For fans of Downton Abbey, this New York Times bestseller is the enthralling true story of family secrets and aristocratic intrigue in the days before WWI
After the Ninth Duke of Rutland, one of the wealthiest men in Britain, died alone in a cramped room in the servants’ quarters of Belvoir Castle on April 21, 1940, his son and heir ordered the room, which contained the Rutland family archives, sealed. Sixty years later, Catherine Bailey became the first historian given access. What she discovered was a mystery: The Duke had painstakingly erased three periods of his life from all family records—but why? As Bailey uncovers the answers, she also provides an intimate portrait of the very top of British society in the turbulent days leading up to World War I.
About the Author
Catherine Bailey read history at Oxford University and is an award-winning television producer and director, making a range of critically acclaimed documentary films inspired by her interest in twentieth century history. She is the author of the New York Times bestseller The Secret Rooms and Black Diamonds. She lives in West London.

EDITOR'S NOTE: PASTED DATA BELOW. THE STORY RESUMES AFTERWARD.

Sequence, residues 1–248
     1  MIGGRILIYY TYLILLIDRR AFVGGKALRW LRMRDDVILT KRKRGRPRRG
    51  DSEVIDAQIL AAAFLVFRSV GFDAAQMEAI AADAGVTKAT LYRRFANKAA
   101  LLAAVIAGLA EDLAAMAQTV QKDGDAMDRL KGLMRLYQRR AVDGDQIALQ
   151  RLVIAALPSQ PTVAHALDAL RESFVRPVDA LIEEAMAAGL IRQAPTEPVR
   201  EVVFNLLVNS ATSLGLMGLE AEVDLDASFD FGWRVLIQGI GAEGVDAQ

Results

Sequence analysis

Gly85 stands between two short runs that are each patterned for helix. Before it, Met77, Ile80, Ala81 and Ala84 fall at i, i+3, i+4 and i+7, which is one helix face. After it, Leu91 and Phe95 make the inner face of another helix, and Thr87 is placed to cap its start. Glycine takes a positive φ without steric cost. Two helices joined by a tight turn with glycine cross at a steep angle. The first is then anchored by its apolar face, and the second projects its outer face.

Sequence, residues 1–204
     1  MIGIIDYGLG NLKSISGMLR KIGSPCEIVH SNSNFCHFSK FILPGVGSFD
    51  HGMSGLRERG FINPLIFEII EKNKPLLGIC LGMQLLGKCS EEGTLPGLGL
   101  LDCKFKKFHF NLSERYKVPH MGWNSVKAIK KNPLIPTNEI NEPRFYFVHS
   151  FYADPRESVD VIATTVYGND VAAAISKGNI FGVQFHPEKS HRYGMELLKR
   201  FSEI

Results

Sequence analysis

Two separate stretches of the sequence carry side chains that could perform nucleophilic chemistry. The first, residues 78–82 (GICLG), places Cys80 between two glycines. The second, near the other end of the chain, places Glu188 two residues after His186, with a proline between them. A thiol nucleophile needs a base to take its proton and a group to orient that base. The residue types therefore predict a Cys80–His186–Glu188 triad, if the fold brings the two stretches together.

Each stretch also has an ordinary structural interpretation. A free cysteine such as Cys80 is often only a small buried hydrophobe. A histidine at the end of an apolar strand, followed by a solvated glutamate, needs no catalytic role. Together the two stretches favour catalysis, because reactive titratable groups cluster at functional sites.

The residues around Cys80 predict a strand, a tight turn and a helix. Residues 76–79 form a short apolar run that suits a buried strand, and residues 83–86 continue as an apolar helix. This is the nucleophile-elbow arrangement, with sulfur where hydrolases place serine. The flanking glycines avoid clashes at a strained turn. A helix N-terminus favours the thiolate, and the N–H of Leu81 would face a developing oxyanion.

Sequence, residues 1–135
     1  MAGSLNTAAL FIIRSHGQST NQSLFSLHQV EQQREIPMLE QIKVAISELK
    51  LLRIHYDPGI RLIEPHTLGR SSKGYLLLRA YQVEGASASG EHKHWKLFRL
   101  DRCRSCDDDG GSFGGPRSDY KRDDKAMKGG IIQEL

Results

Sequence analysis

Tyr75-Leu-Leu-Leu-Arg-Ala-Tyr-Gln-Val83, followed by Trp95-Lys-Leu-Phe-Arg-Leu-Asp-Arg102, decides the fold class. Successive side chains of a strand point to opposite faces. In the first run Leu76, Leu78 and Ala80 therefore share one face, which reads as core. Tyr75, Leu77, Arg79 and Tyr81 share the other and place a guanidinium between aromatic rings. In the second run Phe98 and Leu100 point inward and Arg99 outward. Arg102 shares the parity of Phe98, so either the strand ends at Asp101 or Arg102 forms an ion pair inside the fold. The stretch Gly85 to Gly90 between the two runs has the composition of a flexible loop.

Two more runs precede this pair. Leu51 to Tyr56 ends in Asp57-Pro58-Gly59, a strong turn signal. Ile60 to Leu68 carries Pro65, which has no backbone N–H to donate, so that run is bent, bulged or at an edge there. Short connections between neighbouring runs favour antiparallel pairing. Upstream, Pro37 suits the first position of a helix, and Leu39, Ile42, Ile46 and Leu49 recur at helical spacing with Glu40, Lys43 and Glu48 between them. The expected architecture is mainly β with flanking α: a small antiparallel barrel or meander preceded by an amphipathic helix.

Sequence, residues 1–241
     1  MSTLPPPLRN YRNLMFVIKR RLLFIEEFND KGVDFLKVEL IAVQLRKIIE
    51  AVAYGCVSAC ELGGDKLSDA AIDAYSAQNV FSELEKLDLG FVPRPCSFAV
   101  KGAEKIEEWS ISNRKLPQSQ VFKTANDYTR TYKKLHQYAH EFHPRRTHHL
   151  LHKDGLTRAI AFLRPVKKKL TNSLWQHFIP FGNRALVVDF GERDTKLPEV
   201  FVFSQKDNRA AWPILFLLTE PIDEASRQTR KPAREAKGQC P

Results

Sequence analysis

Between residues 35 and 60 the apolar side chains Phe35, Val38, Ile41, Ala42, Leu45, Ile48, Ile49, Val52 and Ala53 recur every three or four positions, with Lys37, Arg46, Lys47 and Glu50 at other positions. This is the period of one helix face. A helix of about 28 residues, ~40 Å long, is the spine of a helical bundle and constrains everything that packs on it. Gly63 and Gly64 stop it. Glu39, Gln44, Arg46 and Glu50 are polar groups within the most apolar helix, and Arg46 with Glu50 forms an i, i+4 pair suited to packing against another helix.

“In pages more reminiscent of Edgar Allan Poe than Evelyn Waugh… [Bailey] reminds us why this seemingly insignificant story bears telling.” – The New York Times Book Review
“With gripping detail and graceful prose…Bailey’s work can best be described as a work of probative history written with the storytelling skills of a latter-day Agatha Christie.” – The Richmond Times-Dispatch
“Populated with a bevy of real-life aristos who played by their own twisted and privileged set of rules, a searing portrait of family intrigue, dysfunction, and hubris—a la Downton Abbey—emerges.” – Booklist
“Bailey is a truly dogged detective… a compelling exposé” – Kirkus Reviews
“Bailey deserves commendation for her meticulous research as well as her storytelling.” – Publisher’s Weekly
“Gripping. Reads like the best kind of mystery story. It is a tale of mistresses and heirlooms, cowardice and connivance.” – The Sunday Times (London)
“Compelling. A remarkable piece of research which throws a bright shaft of light on powerful people, hypocrisy and the First World War.” – The Guardian